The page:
Mizoram man who headed world’s largest family dies
Ziona Chana, the man from Mizoram believed to head the world’s largest family with at least 39 wives and 94 children and 33 grandchildren, died on Sunday at the age 76.
Taking to Twitter, Mizoram Chief Minister Zoramthanga on Sunday bid farewell to him. “With heavy heart, Mizoram bid farewell to Mr. Zion-a (76), believed to head the world’s largest family, with 38 wives and 89 children. Mizoram and his village at Baktawng Tlangnuam has become a major tourist attraction in the state because of the family. Rest in Peace Sir!” he tweeted along with a group picture of the huge family.
Zion-a featured in Ripley’s Believe It or Not in 2011 and 2013 for having the world’s largest family.
He reportedly lived with his family in a large 100-room, four-story building.
We will be part of the next Union cabinet expansion: JD-U chief
Amid the speculations of the Union Cabinet expansion, R.C.P. Singh, National president of the NDA-ally Janata Dal (United) on Sunday said that JDU is part of the alliance of the ruling NDA coalition at the Centre and the party will be part of the Cabinet whenever there is an expansion.
“There is no confusion. We are a part of NDA. Whenever there will be an expansion in the cabinet in Centre, JD (U) will be part of it,” he said.
At present, the JD(U) has no representation in the Union Cabinet. the JD(U) contested the 2019 Lok Sabha polls in alliance with the BJP.
However, RCP Singh chose not to comment on the inclusion of the Lok Janshakti Party (LJP) in the ‘cabinet expansion’.
Singh also mentioned that everything is good in the alliance in Bihar and there are no clashes in the NDA-led government in the state. “Everyone is together in the NDA in Bihar. The NDA government will complete its present term in Bihar. Everyone is working towards the development of the state,” the JD(U) chief said.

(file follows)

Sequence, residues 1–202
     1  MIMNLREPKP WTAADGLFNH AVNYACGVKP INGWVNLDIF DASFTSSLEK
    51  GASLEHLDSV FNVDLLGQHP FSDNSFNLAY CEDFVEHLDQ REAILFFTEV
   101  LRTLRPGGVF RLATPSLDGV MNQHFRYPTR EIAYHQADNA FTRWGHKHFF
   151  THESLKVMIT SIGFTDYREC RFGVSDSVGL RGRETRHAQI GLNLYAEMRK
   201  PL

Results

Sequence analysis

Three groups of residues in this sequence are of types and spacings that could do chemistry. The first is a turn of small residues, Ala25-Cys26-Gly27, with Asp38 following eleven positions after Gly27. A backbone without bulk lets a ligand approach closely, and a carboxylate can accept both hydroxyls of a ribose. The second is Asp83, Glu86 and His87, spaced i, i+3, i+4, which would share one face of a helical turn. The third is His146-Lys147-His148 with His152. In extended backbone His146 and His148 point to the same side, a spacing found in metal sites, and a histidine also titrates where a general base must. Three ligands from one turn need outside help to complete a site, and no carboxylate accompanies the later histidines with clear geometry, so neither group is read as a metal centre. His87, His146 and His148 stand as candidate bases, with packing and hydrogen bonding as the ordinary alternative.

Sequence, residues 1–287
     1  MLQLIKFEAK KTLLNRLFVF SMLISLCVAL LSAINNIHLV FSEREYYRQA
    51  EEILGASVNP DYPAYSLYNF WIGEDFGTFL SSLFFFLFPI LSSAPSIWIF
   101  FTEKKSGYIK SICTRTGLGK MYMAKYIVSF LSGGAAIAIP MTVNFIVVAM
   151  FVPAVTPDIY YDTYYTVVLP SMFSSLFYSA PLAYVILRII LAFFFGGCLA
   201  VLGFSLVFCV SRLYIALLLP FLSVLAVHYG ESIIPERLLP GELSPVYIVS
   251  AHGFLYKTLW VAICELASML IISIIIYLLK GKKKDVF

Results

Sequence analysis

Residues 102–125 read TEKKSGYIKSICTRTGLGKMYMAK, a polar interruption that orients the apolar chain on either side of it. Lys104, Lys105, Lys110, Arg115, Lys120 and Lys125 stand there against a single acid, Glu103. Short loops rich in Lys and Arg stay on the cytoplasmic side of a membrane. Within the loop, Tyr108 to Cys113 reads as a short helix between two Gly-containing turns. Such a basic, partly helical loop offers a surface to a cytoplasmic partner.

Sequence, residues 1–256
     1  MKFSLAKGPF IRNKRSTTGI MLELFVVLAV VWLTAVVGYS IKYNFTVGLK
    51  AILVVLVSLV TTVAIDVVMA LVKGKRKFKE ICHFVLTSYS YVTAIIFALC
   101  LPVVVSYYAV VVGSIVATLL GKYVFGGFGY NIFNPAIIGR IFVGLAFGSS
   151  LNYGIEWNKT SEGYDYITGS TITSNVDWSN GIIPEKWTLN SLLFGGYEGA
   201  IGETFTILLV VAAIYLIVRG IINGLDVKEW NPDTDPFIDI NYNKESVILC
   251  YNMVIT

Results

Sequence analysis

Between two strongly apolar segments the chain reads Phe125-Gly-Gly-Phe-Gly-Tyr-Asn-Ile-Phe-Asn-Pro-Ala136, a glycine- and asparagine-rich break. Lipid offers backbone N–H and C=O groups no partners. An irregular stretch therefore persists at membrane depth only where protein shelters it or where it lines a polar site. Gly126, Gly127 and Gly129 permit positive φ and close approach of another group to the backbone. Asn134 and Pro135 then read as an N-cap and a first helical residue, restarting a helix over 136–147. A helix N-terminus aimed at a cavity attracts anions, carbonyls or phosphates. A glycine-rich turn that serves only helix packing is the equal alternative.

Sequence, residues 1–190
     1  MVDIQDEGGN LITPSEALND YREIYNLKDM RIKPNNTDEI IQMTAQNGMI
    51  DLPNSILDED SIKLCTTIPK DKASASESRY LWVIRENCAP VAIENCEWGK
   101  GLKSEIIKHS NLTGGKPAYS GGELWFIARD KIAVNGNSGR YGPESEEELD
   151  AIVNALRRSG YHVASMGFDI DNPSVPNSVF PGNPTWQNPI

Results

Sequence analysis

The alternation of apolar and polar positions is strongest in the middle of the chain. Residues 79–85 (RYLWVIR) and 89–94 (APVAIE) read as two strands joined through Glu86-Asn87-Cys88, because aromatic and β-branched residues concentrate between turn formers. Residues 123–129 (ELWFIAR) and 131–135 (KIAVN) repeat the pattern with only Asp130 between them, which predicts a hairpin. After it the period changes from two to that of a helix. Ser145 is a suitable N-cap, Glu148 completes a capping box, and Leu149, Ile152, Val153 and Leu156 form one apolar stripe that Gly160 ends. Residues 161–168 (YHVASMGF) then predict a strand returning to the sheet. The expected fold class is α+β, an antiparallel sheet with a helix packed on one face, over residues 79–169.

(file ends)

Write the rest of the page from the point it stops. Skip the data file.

“The RJD is spreading rumours that nothing is good in the NDA to keep its MLA together. There is everything good in NDA but there are clashes in the RJD,” he added.
First three desi nuclear attack submarines to be 95% made in India
In what would be a major boost for the submarine building capability within the country, the first three nuclear attack submarines to be built indigenously would be having 95 per cent Made in India content in them and it would further go up in the next three. The Cabinet Committee on Security is considering a proposal worth around Rs 50,000 crore for indigenously building three nuclear attack submarines which would be built by the Defence Research and Development Organisation (DRDO) in Visakhapatnam. This project is separate from the Arihant class project under which six nuclear-powered submarines are being built with the capability of launching ballistic missiles.
“The nuclear attack submarine project would be a big boost for the indigenous submarine capability as 95 per cent of it would be made in India. This would provide a big boost to the domestic defence sector including both private and public sector,” government sources told ANI.
For the six nuclear attack submarines, the planners are confident that they would be able to complete the project without any external help but if required, they may take help of one of its strategic partner countries, they said.
The project would also be very helpful for the economy as it is expected to generate a large number of jobs in the defence sector, the sources said.
The Navy and DRDO would first get a clearance for three of these boats and will have the option of building three more after the completion of this project. The Indian Navy proposal to have six indigenous nuclear attack submarines was one of the first few major defence modernisation proposals to have been cleared by the Narendra Modi government soon after it came to power in 2014.